I recently attended an investment forum lined up with a bunch of bond and equity managers pitching their great ideas. It was held in Crown’s Palladium, and the room was full. I can’t imagine what it cost these folk to get a guernsey for the day – but I know who’s ultimately paying for it (and I’m sure you do too).
Our industry is full of smart people and not so smart people. It’s dominated by cool charts, engaging narratives, long disclaimers, Italian neckties and hand bags, and fancy lunches and dinner. Whatever can be controlled will be controlled, all in the pursuit of influence – one way or another.
There was one presentation by a stock market fund manager that confused me slightly. Yet it provided me with such clarity.
The gentlemen was speaking about the ‘over-inflated’ property market, at the same time presenting the audience with a number of convincing PowerPoint slides. He then went on to explain why Australian shares, specifically the Australian banks, provided investors with far better value. This was difficult for me to follow. As an investor and avid market follower, I am fully aware that the Australian banks have their fair share of exposure to the property market. I mean, this is how they make their money, right? So I decided to run the below chart. It shows Australia’s real house prices (blue), and CBA’s share price (orange). Can you spot the trend?
On one hand we’re being told not to invest in Australian property, yet on the other, we’re being told to invest in ‘blue chip’ Australian banks. Can you see the reason for confusion?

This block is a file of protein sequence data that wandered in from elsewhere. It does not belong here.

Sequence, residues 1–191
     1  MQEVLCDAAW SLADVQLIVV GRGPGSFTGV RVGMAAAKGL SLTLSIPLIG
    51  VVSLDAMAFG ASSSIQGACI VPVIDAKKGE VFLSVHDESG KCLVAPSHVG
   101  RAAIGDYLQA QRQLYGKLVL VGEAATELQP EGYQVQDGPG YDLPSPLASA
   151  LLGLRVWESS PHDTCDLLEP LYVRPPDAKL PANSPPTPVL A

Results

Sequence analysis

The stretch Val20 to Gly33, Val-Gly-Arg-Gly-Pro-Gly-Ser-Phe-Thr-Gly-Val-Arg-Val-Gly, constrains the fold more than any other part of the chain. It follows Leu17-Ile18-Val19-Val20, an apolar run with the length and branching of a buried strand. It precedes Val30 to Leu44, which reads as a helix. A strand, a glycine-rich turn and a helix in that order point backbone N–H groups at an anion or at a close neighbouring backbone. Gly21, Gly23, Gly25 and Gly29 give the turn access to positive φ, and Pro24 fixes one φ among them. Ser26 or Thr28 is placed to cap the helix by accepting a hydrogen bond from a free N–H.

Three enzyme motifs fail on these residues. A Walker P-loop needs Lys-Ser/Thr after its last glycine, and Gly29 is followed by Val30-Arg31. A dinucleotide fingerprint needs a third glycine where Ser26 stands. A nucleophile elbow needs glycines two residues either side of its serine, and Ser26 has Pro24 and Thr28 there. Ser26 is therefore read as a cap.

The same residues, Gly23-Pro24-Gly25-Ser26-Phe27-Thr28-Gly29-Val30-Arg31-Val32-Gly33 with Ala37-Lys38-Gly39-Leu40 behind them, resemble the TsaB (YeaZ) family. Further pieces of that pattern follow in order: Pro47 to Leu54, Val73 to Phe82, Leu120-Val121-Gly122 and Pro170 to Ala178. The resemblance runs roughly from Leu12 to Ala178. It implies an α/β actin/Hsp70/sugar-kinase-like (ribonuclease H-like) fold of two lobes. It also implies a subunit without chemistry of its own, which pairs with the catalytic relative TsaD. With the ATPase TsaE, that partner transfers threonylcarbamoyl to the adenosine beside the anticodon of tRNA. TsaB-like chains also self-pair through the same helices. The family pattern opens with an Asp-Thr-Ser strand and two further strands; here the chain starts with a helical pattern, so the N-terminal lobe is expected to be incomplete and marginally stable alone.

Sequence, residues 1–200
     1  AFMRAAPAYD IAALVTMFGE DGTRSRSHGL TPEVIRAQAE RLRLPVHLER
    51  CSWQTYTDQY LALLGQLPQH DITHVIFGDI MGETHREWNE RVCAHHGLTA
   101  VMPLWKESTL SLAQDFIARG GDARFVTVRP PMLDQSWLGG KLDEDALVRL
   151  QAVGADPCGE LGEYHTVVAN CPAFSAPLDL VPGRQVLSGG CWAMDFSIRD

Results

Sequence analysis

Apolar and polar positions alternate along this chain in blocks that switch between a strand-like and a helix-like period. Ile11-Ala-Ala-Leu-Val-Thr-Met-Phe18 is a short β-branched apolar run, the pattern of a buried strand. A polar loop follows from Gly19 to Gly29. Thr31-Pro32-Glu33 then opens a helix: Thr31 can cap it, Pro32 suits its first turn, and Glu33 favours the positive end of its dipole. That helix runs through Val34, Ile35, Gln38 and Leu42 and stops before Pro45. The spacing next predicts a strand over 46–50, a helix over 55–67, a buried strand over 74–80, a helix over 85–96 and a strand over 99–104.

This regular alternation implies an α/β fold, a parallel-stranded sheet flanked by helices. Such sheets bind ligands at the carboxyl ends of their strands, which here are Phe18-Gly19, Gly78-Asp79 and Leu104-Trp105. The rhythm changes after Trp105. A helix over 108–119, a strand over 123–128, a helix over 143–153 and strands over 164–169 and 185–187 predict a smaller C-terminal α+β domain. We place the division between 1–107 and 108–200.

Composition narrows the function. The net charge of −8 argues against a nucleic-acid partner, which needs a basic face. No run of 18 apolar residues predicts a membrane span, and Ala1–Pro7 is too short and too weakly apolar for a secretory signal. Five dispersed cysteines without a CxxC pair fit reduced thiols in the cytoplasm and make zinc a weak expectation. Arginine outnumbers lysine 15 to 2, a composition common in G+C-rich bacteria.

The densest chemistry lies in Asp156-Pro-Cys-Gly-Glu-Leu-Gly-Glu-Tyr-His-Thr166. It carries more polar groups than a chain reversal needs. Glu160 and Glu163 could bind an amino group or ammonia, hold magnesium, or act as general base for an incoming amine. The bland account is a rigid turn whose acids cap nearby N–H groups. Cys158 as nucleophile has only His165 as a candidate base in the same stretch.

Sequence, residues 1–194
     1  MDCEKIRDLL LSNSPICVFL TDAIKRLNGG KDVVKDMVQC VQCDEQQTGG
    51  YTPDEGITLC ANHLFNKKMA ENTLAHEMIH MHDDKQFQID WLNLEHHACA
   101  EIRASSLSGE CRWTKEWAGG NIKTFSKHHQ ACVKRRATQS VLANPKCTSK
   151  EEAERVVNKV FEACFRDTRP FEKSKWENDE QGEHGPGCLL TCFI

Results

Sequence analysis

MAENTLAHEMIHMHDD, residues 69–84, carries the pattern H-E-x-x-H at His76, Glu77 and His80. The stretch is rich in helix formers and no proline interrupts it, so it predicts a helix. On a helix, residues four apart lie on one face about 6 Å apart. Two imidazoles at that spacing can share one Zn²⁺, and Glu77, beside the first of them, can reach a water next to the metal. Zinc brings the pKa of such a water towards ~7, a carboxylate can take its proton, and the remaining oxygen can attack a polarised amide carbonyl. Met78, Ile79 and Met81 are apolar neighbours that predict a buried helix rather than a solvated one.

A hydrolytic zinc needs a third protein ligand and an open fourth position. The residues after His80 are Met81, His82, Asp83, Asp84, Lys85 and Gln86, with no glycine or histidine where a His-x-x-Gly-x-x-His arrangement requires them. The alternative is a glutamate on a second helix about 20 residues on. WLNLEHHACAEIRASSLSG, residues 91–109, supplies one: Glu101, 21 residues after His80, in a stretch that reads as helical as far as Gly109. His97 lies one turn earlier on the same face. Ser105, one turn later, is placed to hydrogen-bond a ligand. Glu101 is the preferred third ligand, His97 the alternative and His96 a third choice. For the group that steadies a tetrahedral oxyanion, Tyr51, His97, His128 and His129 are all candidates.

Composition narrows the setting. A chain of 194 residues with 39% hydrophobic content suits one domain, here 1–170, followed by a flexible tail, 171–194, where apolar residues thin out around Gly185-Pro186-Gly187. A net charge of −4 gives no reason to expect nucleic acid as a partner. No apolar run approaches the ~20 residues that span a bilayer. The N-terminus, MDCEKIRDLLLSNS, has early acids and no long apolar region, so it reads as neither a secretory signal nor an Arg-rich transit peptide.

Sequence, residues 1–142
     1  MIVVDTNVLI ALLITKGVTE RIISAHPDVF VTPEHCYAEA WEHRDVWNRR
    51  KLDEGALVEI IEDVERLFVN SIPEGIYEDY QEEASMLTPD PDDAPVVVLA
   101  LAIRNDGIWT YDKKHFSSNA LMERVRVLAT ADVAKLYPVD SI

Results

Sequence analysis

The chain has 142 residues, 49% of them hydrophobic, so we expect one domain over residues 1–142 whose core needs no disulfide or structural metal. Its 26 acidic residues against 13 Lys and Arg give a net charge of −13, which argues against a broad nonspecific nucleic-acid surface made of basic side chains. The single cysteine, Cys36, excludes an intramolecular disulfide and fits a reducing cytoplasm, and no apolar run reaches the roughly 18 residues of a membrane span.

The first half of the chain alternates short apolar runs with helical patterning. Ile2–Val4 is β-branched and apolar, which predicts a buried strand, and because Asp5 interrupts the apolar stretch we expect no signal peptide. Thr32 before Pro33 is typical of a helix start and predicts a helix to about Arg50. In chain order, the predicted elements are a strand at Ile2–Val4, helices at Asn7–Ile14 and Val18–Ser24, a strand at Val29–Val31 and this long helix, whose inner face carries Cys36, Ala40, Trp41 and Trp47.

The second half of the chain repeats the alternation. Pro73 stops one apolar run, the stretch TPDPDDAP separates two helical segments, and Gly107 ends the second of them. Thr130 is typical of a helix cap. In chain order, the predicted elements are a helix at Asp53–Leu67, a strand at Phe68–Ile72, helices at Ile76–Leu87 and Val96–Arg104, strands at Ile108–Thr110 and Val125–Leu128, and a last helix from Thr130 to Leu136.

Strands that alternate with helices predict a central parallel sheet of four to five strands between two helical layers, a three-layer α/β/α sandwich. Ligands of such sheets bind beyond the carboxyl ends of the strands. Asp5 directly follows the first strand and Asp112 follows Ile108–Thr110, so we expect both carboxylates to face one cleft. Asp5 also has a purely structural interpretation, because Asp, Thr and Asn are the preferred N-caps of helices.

What was made very clear to me was that the stock market guy or stock market gal is going to plug their asset class by torching others. It’s sad, but true. I guess you’re not going to be sold a Holden when you walk into a Toyota showroom, right?
What’s worse is that investors are being fooled into a narrative that lacks evidence and substance. The pitch also got me wondering about the extent to which investors undertake analysis about their own investments. Where am I allocating my money? What is the underlying investment? What is the investment influenced by? What am I really investing in? Investors really need to be peeling back the onion.
Secure debt is another example. Investors hear the words and shake their heads, that’s too risky. Yet they’re very comfortable to take an equity position in a business that does this very thing. Where am I allocating my money? What is the underlying investment? What is the investment influenced by? What am I really investing in?
If you haven’t seen this before, it’s a simple table that shows you the lowest risk (senior secured debt) investment to the highest risk (equity) investment.
Next time you are reviewing an investment opportunity, ask yourself these questions. Take the time to truly understand what and where you are investing. Filter the noise and start to make informed and educated decisions about where you allocate your capital.
Those investments, make sure they’re safe as…houses?